- Dalai Lama, The Universe in a Single Atom

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Re: The Bodhisattva Ideal in Theravada

Post by Shonin » Thu Jun 10, 2010 6:57 am

Next...
... voidness does not mean nothingness, but rather that all things lack intrinsic reality, intrinsic objectivity, intrinsic identity or intrinsic referentiality. Lacking such static essence or substance does not make them not exist —- it makes them thoroughly relative.
- Robert F. Thurman, Foreword of Mother of the Buddhas by Lex Hixon
A nihilistic interpretation of the concept of voidness (or of mind-only) is not, by any means, a merely hypothetical possibility; it consistently was adopted by Buddhism's opponents, wherever the religion spread, nor have Buddhists themselves been immune to it...
- Roger R. Jackson, Is Enlightenment Possible?

PeterB
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Re: The Bodhisattva Ideal in Theravada

Post by PeterB » Thu Jun 10, 2010 7:16 am

tiltbillings wrote:
TMingyur wrote:
Dexing wrote:Yogacara teachings first of all teach that everything ordinary beings perceive is merely the object of a subjective consciousness and not objective existence. Once realizing this, then obviously "exist" or "does not exist" both do not apply.
The first and the second sentence are contradicting.
Also how does Yogacara explain two individuals sharing the same "object of subjective experience". e.g. two individuals seeing fire and burning their fingers after they put their fingers in the fire and are holding them there?
How does Yogacara explain sucessful human activity based on thought and perception of objects shared by different individuals (e.g. science, mathematics)?
Keep in mind that the Tibetan tenet system's interpretation of Yogachara and what Dexing is positing as Yogachara is not necessarily how Yogacharins saw themselves or understood themselves. It depends upon who you read and when and where, which is to say there are differing understandings.
I think it needs saying Tilt that what Dexing is positing is pretty much the way that some Vajrayana schools would posit it. and identical to the stated view of some members of a certain Zen forum of the parish.
Where a common reponse to any query or problem is to assure the questioner that they the questioner dont exist.

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tiltbillings
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Re: The Bodhisattva Ideal in Theravada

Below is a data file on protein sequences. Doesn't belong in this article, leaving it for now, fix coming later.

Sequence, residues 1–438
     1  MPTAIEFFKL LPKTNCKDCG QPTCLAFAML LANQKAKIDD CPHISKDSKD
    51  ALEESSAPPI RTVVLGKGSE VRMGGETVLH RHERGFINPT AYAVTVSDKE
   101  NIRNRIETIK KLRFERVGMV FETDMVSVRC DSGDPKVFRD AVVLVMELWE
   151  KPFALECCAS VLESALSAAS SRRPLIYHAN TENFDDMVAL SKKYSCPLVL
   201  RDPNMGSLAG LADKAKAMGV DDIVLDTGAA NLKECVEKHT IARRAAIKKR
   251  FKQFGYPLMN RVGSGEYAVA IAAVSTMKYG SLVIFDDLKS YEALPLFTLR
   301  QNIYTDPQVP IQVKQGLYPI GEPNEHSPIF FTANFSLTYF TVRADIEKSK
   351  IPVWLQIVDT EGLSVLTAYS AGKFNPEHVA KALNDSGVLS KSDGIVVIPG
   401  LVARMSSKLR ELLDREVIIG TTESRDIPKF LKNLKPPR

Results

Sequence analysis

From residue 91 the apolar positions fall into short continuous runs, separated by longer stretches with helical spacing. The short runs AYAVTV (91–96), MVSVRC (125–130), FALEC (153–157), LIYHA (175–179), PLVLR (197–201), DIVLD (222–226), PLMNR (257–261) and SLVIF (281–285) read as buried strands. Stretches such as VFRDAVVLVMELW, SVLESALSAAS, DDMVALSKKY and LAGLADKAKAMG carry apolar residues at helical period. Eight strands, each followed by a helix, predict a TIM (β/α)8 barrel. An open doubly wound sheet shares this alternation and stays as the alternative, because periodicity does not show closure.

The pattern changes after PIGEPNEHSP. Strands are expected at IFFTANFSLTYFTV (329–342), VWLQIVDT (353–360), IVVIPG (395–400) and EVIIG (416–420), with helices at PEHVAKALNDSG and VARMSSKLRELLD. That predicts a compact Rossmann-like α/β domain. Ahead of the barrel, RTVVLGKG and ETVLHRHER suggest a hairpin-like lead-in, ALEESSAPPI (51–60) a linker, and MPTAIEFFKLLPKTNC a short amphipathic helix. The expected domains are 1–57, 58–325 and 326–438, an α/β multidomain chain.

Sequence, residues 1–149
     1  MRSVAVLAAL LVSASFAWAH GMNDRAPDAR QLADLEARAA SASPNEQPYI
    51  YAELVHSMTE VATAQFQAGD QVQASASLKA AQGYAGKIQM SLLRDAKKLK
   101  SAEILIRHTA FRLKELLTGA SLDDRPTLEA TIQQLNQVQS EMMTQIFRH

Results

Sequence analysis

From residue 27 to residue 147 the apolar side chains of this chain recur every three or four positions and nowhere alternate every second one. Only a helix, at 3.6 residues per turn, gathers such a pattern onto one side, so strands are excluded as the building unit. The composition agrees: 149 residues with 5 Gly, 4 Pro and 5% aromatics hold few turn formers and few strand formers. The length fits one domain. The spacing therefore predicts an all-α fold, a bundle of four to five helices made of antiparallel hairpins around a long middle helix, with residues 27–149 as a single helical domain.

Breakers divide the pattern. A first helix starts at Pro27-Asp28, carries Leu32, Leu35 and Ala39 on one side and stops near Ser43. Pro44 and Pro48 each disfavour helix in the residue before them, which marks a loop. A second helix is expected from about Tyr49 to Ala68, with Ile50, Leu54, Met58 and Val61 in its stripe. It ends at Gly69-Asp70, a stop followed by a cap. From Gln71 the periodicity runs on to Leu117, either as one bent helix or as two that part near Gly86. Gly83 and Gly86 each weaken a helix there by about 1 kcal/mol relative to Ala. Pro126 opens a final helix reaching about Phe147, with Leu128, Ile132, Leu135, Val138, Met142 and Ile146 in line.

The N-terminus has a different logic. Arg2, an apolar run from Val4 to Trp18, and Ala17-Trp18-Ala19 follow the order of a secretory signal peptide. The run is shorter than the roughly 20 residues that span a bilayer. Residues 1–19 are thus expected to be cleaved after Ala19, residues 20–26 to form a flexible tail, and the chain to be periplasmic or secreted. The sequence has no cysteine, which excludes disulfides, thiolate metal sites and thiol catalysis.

Post by tiltbillings » Thu Jun 10, 2010 7:32 am

PeterB wrote: Where a common reponse to any query or problem is to assure the questioner that they the questioner dont exist.
One has to wonder what wheel turns so remarkably stupidly to say something as shallow as that. (I have seen Theravadins also make an equivalent sort of statement.)
>> Do you see a man wise [enlightened/ariya] in his own eyes? There is more hope for a fool than for him.<< -- Proverbs 26:12

This being is bound to samsara, kamma is his means for going beyond. -- SN I, 38.

“Of course it is happening inside your head, Harry, but why on earth should that mean that it is not real?” HPatDH p.723

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Re: The Bodhisattva Ideal in Theravada

Post by PeterB » Thu Jun 10, 2010 7:49 am

To be fair at least one of the people who have operated as mods there will challenge such assertions.
In Zen they have an expression " Zen Sickness " to describe a condition of considerable alienation, which is interpreted by the sufferer as having achieved some kind of breakthrough. I dont know how prevelant Zen Sickness is among Zen students in the far east, but it is frequently encountered on Zen websites.

Q) I am having trouble with focusing on the breath.
A) You dont exist, your breath does not exist, you are already a Buddha..( and I'm a little teapot small and stout )..

But I digress..somewhat.

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Re: The Bodhisattva Ideal in Theravada

Post by tiltbillings » Thu Jun 10, 2010 7:51 am

PeterB wrote:To be fair at least one of the people who have operated as mods there will challenge such assertions.
In Zen they have an expression " Zen Sickness " to describe a condition of considerable alienation, which is interpreted by the sufferer as having achieved some kind of breakthrough. I dont know how prevelant Zen Sickness is among Zen students in the far east, but it is frequently encountered on Zen websites.

Q) I am having trouble with focusing on the breath.
A) You dont exist, your breath does not exist, you are already a Buddha..( and I'm a little teapot small and stout )..

But I digress..somewhat.
And then there is Madhyamaka/sunyata/emptiness/anatta sickness.
>> Do you see a man wise [enlightened/ariya] in his own eyes? There is more hope for a fool than for him.<< -- Proverbs 26:12

This being is bound to samsara, kamma is his means for going beyond. -- SN I, 38.

“Of course it is happening inside your head, Harry, but why on earth should that mean that it is not real?” HPatDH p.723

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Re: The Bodhisattva Ideal in Theravada

Post by PeterB » Thu Jun 10, 2010 7:55 am

Indeed. I am still recovering. You can never say..I WAS one of those..Its like alcoholism. One day at a time. Every day the mantram.." rupa is no less real than citta "..